Friday, February 19, 2010

Diabetics in rural Wyoming on their own

From an AP story (via Billings Gazette):

The Wyoming Department of Health reports that the number of Wyoming adults with diabetes more than doubled in the past 13 years.

The department said Thursday that more than 7 percent of Wyoming adults have been diagnosed with diabetes, up from 3 percent in 1997.

Diabetes prevention and control manager Star Morrison said the disease is the sixth-leading cause of death in the state.

From July 2006 to June 2007, diabetes led to 615 Wyoming hospitalizations costing $7.5 million, according to the department.

Washakie County has the highest rate of adult diabetes at 9.3 percent. Teton County has the lowest rate at 2.4 percent.

Morrison said the prevalence of diabetes is expected to increase as the state's population ages.

Let's see. Wyoming's population is aging. The diabetes rate is climbing. Our family knows something about diabetes. Chris was diagnosed with Type II diabetes 17 years ago when she was pregnant with our daughter. She sees an endocrinologist in Fort Collins across the border in Colorado. Each month, she goes to her diabetes educators (also in Fort Collins). She is careful about what she eats. She monitors her blood sugar. Our local pharmacist knows her and her prescriptions. In short -- it takes a team to manage diabetes. Family physician, specialist, nurses, educators, pharmacists.

Last year, the Wyoming Office of Rural Health release a report that showed 13 of the state's 23 counties had a shortage of primary-care doctors.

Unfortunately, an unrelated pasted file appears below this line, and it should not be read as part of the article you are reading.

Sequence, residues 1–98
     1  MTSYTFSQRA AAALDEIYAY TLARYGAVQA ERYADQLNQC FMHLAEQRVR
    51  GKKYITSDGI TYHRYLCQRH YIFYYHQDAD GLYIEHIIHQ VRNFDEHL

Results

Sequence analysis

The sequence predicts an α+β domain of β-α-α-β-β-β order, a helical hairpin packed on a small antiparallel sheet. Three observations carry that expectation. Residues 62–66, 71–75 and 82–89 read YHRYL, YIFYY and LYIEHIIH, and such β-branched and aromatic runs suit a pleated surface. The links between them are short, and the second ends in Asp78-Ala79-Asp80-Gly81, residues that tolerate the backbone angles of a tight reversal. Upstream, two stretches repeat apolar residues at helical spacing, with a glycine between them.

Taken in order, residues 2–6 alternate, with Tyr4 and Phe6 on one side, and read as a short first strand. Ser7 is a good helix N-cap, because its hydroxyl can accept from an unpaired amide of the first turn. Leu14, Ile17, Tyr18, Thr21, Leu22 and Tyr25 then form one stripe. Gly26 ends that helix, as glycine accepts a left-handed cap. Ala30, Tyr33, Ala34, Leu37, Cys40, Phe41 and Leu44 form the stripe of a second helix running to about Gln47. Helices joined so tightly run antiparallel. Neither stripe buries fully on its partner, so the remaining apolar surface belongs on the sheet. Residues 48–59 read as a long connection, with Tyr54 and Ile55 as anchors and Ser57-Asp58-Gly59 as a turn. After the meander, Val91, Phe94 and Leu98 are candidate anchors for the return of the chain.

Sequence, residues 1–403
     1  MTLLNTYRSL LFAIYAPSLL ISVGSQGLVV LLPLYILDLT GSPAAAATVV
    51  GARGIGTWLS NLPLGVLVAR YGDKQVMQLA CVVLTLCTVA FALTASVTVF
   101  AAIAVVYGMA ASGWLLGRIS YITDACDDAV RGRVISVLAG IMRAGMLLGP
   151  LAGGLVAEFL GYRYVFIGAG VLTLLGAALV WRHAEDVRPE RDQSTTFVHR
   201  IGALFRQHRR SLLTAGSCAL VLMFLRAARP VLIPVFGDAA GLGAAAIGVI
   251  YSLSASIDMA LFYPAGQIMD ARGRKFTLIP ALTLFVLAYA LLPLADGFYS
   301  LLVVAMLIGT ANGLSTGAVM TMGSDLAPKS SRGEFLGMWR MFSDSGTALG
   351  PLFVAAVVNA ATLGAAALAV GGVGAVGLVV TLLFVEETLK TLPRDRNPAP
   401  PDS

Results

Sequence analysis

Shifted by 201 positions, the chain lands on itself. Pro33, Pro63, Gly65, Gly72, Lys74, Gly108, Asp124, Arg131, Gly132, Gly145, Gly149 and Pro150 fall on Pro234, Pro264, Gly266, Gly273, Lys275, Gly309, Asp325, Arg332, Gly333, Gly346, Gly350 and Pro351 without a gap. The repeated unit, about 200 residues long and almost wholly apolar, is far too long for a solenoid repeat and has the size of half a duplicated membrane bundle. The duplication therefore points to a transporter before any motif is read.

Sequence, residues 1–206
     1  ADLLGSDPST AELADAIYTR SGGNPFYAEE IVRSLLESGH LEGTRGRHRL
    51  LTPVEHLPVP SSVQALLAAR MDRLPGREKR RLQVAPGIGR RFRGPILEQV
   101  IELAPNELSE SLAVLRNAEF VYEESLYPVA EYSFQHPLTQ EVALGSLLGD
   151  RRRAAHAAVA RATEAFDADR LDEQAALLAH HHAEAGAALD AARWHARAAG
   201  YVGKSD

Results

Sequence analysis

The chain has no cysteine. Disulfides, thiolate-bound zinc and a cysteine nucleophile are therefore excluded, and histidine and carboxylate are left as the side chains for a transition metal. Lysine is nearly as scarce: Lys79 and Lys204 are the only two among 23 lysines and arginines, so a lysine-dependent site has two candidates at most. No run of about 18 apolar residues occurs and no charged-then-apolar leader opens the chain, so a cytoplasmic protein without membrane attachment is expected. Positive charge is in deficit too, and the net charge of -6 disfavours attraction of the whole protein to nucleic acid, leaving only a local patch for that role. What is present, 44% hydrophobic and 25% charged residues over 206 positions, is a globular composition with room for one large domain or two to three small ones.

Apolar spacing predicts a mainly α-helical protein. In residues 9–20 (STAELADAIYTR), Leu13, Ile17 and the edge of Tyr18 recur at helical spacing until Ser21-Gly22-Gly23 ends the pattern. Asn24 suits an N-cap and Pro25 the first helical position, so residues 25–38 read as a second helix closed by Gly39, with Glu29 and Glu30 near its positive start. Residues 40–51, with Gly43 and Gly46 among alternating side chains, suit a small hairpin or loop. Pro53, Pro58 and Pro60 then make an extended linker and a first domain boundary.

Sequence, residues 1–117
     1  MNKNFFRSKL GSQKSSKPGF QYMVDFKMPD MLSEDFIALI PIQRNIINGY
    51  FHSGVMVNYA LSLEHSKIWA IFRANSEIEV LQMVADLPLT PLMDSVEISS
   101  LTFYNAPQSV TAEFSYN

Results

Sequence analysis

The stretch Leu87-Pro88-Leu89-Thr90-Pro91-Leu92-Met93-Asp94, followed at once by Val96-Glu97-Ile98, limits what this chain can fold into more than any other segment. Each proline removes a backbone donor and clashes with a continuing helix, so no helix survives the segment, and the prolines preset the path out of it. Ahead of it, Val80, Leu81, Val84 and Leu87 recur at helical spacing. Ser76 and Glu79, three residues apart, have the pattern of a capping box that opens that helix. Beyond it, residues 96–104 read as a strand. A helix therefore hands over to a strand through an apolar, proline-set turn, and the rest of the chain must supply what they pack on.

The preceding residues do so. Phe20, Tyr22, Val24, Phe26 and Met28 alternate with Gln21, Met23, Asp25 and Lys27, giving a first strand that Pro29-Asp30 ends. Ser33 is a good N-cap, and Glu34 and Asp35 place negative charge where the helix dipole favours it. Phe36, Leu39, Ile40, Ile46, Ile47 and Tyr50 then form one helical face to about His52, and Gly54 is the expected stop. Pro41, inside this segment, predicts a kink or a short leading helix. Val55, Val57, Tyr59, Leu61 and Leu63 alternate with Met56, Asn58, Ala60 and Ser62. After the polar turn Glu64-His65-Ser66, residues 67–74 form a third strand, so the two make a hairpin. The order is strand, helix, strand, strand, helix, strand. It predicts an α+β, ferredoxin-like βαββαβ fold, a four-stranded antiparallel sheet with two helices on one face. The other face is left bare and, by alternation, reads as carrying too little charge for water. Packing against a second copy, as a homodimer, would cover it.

I posted this on the blog Dec. 26:

Washakie County in the Big Horn Basin hasn't a single primary care practitioner for its 8,000-some residents. No OB/GYN docs for healthy baby checkups. No pediatricians for when Johnny pokes his eye with a stick. No nurse practitioner to find out whether you have the flu or just a bad cold.

Or diabetes.

Star Morrison at the Wyoming Department of Health has her job cut out for her. "Aging" is just one factor. Lack of proper medical care in rural areas is another.

Will national healthcare reform address these issues? Perhaps we should ask Senator and physician John Barrasso. He and his Republican cohorts have done their best to derail healthcare reform. Why? Don't he and Sen. Enzi and Rep. Lummis have any empathy for the rural residents of this state? They say they do. But saying and doing are two different things.

Barrasso practiced medicine and politics in Casper, Wyoming's second largest city. Enzi lived in Gillette, booming coal capital of the nation. Lummis is from Cheyenne, the largest city in the state and the capital.

All of these places have hospitals. All have family physicians and specialists. Sure, some of us with insurance still go out of state for better care. We have that option.

But what are rural residents to do?

Suffer, I guess. Live with the fact that if they get diabetes, they're on their own.

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